Life is getting a little busier as we approach summer proper. In particular, debt has returned into the financial headlines. In America, the Republicans and Democrats have now reached a deal to suspend the debt ceiling until January 2025, to avoid the potential default that would have left the US government unable to pay its bills.
Back home we learn that government debt has been rising faster than expected, with inflation pushing up the interest payments partly to blame. As it happens, inflation figures for April have been published and were a little disappointing. While the increase in the cost of living has dropped below 10% for the first time since August last year, at 8.7% the rate was higher than many expected. In particular, the rise in the cost of our weekly shopping basket continues to look alarming. While food inflation dropped last month for the second month in a row, our grocery bills continue to rise at a rate approaching 20% a year.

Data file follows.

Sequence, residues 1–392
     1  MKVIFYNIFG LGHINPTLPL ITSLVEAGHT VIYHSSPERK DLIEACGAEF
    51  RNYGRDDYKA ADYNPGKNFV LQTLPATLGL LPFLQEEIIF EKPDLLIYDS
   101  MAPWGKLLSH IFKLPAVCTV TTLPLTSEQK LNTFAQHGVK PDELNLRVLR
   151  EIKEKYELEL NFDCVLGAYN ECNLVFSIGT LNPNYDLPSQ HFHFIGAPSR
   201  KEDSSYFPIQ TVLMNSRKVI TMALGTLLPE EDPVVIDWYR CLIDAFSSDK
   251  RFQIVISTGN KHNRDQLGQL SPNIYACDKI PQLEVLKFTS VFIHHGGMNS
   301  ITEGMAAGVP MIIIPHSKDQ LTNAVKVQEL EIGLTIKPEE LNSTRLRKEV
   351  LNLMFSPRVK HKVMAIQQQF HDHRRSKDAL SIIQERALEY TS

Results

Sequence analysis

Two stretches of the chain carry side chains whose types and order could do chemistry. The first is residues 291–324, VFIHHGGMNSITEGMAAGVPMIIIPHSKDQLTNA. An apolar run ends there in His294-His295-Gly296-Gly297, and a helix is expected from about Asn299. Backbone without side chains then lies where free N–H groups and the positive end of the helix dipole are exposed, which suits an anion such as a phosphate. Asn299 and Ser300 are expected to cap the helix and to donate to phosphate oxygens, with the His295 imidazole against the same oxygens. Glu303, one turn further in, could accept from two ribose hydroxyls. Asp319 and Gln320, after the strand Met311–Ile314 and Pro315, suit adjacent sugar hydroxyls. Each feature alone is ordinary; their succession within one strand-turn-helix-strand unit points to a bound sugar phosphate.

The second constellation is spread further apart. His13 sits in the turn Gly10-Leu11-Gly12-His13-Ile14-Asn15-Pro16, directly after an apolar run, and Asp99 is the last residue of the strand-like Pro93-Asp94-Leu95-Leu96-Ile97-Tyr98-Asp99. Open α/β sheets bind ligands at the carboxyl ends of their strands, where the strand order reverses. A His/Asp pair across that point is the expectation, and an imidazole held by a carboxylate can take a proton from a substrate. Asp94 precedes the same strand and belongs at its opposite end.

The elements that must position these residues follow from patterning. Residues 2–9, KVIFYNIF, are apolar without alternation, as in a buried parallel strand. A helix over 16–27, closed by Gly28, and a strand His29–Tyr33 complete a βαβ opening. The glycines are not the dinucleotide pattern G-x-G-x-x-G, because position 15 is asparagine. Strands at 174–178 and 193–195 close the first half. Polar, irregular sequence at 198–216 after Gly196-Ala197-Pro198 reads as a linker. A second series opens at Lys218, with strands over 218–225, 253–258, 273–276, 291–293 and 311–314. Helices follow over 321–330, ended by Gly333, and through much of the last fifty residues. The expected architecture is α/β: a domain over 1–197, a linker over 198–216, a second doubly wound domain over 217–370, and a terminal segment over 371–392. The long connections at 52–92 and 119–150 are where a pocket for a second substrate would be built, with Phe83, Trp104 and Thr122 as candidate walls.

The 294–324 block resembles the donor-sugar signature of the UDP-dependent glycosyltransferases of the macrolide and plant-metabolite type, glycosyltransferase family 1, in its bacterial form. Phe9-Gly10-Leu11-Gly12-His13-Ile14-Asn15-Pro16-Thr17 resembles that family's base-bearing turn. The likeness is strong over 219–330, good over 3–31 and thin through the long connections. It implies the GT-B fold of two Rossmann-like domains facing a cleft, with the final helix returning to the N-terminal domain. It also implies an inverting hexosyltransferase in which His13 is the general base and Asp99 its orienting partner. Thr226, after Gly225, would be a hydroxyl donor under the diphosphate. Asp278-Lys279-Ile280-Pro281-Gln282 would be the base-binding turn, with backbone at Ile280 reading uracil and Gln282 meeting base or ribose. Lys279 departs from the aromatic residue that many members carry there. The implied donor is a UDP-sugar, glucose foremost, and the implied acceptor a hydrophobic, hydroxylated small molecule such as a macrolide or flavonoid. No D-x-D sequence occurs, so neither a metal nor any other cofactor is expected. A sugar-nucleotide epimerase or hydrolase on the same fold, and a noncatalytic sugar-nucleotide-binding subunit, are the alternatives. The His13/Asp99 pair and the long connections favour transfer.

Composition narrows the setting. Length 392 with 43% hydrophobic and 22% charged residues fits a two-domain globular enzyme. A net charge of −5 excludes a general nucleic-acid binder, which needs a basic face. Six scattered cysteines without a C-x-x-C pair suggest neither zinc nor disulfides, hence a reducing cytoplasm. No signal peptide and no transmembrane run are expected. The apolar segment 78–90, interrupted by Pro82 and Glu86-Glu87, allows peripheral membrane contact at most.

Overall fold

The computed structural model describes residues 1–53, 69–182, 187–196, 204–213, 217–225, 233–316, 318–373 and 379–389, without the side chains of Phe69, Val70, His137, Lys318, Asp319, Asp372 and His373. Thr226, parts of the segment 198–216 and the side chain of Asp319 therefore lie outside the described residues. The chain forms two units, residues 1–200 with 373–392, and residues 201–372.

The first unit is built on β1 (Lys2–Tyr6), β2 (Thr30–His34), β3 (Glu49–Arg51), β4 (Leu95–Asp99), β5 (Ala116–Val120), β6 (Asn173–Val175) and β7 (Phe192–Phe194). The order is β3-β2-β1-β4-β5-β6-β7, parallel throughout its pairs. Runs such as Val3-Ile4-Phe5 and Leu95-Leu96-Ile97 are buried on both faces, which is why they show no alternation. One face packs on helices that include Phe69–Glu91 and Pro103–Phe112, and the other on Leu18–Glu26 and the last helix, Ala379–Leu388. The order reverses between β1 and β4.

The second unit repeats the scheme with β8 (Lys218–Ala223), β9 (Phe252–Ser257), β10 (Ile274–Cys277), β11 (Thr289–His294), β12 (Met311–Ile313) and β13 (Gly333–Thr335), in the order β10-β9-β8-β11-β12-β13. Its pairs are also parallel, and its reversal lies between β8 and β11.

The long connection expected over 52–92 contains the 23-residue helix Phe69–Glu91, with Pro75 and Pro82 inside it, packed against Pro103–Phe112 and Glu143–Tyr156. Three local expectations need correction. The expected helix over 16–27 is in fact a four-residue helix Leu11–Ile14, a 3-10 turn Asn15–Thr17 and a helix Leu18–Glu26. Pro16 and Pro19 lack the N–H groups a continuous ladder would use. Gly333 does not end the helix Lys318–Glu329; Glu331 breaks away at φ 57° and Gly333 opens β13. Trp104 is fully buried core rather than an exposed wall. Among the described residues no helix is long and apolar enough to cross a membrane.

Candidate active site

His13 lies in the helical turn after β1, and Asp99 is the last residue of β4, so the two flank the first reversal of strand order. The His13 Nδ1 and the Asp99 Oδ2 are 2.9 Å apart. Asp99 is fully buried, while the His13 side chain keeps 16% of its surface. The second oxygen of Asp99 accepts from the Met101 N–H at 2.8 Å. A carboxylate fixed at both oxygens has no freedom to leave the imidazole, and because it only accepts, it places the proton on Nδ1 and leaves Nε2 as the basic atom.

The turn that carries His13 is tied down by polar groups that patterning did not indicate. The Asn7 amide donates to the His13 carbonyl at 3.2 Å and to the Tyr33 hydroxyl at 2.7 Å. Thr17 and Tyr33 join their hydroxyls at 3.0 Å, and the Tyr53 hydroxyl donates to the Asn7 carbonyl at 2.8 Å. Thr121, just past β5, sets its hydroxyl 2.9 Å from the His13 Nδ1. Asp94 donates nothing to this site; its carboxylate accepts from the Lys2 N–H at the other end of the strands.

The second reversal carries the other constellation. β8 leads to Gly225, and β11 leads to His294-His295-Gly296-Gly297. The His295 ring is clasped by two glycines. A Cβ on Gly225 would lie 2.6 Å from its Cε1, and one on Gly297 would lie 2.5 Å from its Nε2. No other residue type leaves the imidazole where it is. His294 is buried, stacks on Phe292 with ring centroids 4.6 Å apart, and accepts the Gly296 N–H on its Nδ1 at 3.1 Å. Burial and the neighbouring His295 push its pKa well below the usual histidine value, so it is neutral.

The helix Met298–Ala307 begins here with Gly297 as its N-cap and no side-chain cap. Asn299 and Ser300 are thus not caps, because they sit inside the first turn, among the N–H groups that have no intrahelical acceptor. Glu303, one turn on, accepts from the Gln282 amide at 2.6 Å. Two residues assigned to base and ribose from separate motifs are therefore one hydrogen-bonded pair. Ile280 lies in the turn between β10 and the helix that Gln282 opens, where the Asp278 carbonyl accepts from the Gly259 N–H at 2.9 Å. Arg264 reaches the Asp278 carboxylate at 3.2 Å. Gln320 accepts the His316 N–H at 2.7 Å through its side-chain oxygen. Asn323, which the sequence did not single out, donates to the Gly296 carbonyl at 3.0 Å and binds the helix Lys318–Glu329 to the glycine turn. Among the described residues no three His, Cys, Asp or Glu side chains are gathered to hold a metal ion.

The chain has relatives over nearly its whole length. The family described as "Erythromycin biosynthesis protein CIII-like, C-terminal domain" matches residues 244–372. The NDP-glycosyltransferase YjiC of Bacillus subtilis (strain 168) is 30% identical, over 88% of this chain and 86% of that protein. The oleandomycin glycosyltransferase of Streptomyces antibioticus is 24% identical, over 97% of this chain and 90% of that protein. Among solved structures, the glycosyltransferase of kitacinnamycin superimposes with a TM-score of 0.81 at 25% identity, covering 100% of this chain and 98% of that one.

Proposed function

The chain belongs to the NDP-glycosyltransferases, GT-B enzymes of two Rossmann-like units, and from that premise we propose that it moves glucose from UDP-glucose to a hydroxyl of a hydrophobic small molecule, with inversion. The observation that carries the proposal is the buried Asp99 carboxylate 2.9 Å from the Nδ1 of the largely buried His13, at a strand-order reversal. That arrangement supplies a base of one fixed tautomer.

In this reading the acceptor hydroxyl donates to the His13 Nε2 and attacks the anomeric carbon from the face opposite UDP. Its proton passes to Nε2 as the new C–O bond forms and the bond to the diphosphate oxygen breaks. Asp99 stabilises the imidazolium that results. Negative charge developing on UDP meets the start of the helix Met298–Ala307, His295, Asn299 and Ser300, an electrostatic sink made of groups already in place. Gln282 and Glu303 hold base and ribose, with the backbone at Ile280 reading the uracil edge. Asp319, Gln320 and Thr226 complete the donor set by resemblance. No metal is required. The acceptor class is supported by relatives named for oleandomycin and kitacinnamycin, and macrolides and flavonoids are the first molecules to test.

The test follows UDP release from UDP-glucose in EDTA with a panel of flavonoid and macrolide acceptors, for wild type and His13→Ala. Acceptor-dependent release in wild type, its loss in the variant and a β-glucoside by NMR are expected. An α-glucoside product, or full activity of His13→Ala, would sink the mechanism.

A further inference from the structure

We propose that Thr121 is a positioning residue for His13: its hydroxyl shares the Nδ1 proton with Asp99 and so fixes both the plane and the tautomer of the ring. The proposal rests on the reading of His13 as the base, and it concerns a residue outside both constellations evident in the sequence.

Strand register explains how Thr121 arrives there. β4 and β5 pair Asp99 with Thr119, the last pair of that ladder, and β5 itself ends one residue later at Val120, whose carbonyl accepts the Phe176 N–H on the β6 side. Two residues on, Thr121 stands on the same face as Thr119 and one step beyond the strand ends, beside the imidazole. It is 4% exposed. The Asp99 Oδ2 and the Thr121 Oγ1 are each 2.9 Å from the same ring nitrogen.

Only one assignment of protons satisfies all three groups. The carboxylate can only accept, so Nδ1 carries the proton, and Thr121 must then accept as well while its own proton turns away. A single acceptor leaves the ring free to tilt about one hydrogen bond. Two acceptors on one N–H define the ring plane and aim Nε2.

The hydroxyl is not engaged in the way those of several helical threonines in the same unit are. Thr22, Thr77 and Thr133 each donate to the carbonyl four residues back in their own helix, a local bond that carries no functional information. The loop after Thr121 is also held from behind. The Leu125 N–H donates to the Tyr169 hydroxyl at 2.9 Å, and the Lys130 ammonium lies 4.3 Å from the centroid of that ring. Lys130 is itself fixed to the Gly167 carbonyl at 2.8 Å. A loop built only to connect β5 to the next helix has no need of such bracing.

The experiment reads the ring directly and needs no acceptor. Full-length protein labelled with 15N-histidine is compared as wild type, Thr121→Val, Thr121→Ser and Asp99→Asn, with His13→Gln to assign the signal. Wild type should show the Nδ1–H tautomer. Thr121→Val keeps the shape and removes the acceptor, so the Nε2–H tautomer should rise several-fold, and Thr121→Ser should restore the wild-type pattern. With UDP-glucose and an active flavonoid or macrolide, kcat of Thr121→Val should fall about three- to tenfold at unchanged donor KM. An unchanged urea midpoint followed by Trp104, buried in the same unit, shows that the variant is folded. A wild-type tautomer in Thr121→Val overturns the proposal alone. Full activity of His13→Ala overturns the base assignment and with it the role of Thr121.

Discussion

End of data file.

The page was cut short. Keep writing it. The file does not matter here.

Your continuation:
In the final analysis, the fall in oil and gas prices has made the biggest contribution to the drop in inflation. But perhaps the standout point in these figures was that core inflation (i.e., inflation excluding food, alcoholic drinks, energy and tobacco) actually rose. Behind this surprising statistic is the steady rise in wage settlements. This is just what the government does not want to see. Moreover, it will play into the hands of the hawks at the Bank of England, so further interest rate increases look inevitable. This was enough to send our stock market into reverse in trading immediately after these numbers were disclosed.
Until then, markets here had been relatively quiet. While there is little emerging in the way of company news, much in the macro space should be commanding the attention of investors. Inflation, sadly, will be a topic for some time as it will clearly remain higher here for longer than hoped. Let’s hope for some better news on the cost of living front.